Paraplegic players can participate in wheelchair badminton if their lesions are above T12, they have severe diplegia, moderate disorders in trunk balance, and moderate spasticity in their lower extremities (spasticity grade for muscle tone: 5).

Wheelchair Class 3 – W3

Paraplegic players with lesions of L1 and below have slight diplegia, minimal trunk balance problems, and slight spasticity in lower extremities also can participate in wheelchair badminton.

Standing Below Waist Class 2(a) – STL2 (a)

This class is for amputees only with a single above knee or double below knee amputation.

Standing Below Waist Class 2 – STL2

This classification is for standing players who have a reduction in muscle power of at least 20 points in one or both limbs, or an equivalent disability, one non-functional leg, polio affecting one leg, stiff hip and knee (together), hip luxation with visible shortening, two moderate legs, moderate CP, moderate hemiplegia, moderate incomplete spinal cord injury (SCI), or spina bifida at level S1.

Standing Below Waist Class 3 – STL3

Players in this classification have a reduction of 10-19 points of muscle strength in one or both lower limbs or an equivalent disability. This can include very mild impairment in both legs, single stiff ankle, amputation of foot through all metatarsals, hip subluxation, restricted movement of one hip, knee or ankle; polio with a loss of at least 10 points in muscle strength in one or both lower extremities, mild CP of the lower limbs, mild hemiplegia, shortening of one limb more than 7cm or a comparable impairment profile.

Standing Above Waist Class 1 – STU4

This classification includes individuals with severe impairments of nonplaying arm, with a minimal disability, loss of muscle strength of 50 points, above elbow amputation (AE) or through elbow joint, brachial plexus legion with paralysis of the whole arm, shortening of the arm through the elbow without a functional hand or a comparable impairment profile.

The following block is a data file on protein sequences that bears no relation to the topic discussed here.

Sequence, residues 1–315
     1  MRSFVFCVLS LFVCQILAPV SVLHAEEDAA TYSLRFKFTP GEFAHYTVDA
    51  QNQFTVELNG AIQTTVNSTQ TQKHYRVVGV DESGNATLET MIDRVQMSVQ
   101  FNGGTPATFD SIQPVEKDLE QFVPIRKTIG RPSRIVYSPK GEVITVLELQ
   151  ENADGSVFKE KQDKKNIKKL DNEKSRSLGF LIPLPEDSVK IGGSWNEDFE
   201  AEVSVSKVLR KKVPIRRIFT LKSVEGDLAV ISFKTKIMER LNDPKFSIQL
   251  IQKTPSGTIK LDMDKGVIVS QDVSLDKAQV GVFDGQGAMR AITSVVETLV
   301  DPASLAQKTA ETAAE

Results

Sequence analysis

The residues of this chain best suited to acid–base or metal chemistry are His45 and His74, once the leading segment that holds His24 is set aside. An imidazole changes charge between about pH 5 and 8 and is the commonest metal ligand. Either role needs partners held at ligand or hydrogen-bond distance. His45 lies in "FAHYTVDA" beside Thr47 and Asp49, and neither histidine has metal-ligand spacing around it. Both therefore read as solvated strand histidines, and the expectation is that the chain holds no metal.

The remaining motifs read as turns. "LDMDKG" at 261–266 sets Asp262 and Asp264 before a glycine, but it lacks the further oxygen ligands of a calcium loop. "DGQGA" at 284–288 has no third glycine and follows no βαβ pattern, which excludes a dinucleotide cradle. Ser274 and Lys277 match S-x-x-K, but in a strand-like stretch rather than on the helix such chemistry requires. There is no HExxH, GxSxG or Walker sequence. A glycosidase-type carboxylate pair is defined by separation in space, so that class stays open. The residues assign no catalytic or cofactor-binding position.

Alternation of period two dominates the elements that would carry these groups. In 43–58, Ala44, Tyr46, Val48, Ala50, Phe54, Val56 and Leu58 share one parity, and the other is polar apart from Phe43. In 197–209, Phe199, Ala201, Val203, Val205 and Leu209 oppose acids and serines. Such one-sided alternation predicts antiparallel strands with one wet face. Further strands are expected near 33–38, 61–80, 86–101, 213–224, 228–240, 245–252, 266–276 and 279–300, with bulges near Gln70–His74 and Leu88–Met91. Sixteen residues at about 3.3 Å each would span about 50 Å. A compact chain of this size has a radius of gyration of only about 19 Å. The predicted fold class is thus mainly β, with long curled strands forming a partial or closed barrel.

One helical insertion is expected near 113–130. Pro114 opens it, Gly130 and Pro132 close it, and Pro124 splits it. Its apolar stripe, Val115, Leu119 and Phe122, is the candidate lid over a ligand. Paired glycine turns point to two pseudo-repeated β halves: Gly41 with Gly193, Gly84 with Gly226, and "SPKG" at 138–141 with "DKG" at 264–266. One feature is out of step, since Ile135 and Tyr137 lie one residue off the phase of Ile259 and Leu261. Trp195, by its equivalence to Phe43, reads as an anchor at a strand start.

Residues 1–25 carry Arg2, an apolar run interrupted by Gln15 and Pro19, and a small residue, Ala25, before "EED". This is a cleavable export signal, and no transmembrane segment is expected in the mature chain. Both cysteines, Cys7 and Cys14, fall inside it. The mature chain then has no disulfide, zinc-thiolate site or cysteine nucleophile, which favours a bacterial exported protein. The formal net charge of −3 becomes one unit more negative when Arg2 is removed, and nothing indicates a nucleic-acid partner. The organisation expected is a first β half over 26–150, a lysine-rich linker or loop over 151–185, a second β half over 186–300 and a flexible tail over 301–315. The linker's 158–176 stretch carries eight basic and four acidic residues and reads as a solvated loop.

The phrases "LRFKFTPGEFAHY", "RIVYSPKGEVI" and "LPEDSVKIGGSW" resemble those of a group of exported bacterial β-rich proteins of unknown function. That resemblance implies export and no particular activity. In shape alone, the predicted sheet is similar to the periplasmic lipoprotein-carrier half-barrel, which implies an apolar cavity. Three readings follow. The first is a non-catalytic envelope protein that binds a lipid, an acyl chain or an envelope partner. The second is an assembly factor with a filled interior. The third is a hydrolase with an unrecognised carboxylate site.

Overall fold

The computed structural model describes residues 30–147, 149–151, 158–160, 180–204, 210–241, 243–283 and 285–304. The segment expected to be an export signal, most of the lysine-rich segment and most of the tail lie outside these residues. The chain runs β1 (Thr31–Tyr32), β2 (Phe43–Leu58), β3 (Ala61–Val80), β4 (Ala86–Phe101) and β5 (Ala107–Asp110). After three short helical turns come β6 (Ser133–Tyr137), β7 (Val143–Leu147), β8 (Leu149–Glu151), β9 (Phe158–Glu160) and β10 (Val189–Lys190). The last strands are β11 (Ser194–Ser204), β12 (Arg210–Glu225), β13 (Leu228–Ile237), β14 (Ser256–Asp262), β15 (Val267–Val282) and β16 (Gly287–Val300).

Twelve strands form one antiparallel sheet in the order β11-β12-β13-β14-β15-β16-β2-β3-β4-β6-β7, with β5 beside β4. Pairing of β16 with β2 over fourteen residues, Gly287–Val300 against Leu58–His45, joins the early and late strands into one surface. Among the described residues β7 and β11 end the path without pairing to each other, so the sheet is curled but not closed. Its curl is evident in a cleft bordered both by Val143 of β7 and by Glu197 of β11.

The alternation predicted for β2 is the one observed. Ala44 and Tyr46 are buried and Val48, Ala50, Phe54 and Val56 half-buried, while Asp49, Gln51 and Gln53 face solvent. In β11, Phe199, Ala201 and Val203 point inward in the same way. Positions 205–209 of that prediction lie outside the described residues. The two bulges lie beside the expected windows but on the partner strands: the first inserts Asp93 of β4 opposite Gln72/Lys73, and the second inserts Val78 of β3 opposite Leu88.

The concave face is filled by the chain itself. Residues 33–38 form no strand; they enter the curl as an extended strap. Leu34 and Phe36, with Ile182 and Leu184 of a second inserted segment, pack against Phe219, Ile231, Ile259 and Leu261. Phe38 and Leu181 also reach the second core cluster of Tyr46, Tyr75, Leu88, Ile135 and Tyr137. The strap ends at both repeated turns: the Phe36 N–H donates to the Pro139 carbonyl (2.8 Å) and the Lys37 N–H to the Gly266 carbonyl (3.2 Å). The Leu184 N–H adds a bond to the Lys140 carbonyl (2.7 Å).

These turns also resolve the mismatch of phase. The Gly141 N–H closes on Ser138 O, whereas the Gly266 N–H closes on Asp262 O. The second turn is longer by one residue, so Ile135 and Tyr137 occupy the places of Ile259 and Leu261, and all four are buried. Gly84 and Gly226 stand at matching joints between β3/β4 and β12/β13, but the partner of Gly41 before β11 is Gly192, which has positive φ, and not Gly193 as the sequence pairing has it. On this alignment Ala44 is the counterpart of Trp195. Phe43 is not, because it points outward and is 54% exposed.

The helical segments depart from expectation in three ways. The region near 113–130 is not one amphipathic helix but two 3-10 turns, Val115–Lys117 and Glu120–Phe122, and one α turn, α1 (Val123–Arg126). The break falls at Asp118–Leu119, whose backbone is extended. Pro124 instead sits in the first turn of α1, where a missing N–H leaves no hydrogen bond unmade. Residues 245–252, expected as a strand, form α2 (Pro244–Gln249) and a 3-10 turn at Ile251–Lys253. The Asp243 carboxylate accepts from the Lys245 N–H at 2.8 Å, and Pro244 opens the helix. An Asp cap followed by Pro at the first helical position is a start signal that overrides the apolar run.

Standing Above Waist Class 2 – STU5

Classification of players includes mild to moderate impairment of nonplaying arm, minimal disability loss of muscle function of 30 points, a single below elbow amputation (BE) but through or above the wrist joint, brachial plexus lesion with some residual function, dysmelia or similar disabilities comparable with a BE or comparable impairment profile.

Dwarfs – DST6 (1)

Players are under 120 cm in height with restrictions caused by growth conditions. Athletes with conditions such as SED, diastrophic dysplasia and certain cases of cartilage-hair hyperplasia are placed in this class. These classes include people with achondroplasia under the height limit and are still fairly mobile.

Dwarfs – DST7 (2)

This classification is mainly for players who have the condition of achondroplasia, although there are other Dwarfism conditions which fall into the BMDST6 (1) classification. Women cannot be taller than 135cm and for men the maximum height is 140cm.

Summary

Wheelchair Badminton or Para-Badminton is one of the newest sports on the scene for wheelchair users and others with disabilities. With the Paralympic Games on the horizon in London athletes have their eyes set on the goal to raise awareness of this sporting event. There is no better way to accomplish this than through the competitions at the birthplace of the Paralympic sports at the Stoke Mandeville Stadium. Spectators can watch these games for free according to Badminton England website.